What Are We Doing Here?

1631 WordsMay 13, 20157 Pages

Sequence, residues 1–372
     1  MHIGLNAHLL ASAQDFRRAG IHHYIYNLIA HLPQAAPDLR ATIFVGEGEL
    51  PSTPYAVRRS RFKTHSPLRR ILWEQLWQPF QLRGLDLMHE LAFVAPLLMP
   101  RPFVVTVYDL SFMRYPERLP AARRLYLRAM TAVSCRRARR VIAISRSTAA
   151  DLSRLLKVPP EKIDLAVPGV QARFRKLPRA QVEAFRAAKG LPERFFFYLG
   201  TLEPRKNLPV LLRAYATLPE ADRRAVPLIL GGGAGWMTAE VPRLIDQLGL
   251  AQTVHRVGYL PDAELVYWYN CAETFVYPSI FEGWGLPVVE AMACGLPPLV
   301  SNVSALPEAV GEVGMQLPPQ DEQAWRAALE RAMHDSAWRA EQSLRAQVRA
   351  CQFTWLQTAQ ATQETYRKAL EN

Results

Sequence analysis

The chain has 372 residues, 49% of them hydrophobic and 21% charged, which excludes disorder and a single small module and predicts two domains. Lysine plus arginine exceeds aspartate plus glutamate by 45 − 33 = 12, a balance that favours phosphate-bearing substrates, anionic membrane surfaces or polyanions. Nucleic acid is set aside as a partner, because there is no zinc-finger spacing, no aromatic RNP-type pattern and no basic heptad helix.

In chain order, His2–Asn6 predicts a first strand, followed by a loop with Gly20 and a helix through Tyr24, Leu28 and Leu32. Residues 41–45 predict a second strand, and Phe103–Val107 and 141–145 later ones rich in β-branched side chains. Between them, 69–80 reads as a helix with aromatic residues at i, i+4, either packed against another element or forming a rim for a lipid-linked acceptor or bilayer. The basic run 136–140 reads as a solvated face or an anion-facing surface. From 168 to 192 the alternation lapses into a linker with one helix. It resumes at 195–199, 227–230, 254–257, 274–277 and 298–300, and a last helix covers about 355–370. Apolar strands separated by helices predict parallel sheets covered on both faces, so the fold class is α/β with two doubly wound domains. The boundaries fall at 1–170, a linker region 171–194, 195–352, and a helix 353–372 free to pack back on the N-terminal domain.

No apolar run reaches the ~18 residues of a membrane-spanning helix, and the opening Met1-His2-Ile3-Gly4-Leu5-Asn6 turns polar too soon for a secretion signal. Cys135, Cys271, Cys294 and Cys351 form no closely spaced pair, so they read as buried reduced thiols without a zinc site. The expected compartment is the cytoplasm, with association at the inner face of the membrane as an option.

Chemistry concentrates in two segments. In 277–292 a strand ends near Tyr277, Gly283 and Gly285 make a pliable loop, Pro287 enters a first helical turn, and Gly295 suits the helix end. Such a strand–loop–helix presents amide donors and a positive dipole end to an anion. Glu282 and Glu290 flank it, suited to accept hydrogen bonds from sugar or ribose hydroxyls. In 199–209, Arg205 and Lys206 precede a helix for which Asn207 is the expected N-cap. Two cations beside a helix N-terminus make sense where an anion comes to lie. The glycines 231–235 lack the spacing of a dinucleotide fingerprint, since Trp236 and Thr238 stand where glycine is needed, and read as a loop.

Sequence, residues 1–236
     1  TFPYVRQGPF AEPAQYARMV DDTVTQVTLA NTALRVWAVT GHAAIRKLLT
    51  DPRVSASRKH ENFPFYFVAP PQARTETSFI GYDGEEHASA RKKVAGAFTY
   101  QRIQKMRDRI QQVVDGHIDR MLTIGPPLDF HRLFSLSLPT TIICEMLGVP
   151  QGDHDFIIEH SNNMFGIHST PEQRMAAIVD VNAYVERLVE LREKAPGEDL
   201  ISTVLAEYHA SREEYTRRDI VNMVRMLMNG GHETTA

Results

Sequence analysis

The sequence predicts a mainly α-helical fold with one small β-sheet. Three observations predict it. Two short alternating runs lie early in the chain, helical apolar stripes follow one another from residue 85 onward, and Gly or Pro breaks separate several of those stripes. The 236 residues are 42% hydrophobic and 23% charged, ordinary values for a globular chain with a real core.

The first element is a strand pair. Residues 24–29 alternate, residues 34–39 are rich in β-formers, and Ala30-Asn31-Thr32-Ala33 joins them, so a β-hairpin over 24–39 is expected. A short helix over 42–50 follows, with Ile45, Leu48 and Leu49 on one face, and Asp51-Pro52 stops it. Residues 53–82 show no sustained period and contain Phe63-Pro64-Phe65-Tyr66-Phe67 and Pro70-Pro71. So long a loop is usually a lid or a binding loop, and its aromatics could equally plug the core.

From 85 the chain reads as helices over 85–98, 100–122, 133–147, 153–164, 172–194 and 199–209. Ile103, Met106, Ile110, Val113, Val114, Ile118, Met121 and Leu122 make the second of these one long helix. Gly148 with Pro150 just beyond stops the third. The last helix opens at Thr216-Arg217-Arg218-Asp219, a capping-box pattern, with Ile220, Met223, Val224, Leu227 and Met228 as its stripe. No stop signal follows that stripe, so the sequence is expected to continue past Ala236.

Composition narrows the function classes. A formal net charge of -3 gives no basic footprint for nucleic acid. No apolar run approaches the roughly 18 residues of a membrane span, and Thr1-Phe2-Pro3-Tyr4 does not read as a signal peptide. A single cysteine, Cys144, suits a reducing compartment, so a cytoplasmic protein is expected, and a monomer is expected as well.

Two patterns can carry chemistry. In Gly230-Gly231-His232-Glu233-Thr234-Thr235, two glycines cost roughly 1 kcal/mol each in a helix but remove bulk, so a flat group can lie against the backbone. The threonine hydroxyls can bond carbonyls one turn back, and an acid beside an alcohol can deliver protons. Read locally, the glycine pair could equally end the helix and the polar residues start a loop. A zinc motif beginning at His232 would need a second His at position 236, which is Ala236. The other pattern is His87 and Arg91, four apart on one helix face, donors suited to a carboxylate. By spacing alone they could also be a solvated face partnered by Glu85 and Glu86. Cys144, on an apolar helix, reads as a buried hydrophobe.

INTRODUCTION “What are we doing here? This is stupid, I 'm never going to use this.” -Student, age 15, on Algebra The field of education is of great interest to the field of anthropology, because our mechanisms, emphasis, direction, and narrative we use to educate in this country are not ubiquitous facts. Instead they are ideas abstracted from cultural values. They are ideas concerned with best intentions, and what that means to us. The rhetoric of educational discourse finds commonality in one resonant fact-- we want the best for our students. This idea may lead you to describe our government, our structures, our systems, as “America the Beautifully Misguided.” For years, prominent pedagogues have sought reform in the educational dossier. They seek a sort of liberation from the pervasive and perverted ideas that permeate our great American narrative. Specifically, Paulo Freire sought to release the shackles of indoctrination that did, and still do, drive our educational mantra and approach. This liberation is an idea that echoes the call of all progressives in the pedagogical field, however, it appears that this call has fallen on deaf ears and dampened into dissonance. As our post-industrialized society continues to use Fordist preening techniques, “Critical Thinking” is added to the list of unfulfilled promises of modern American university mission statements-- next to “Green,” “Progressive,” “Modern,” and other beautiful lies. By what mechanism can this hundred

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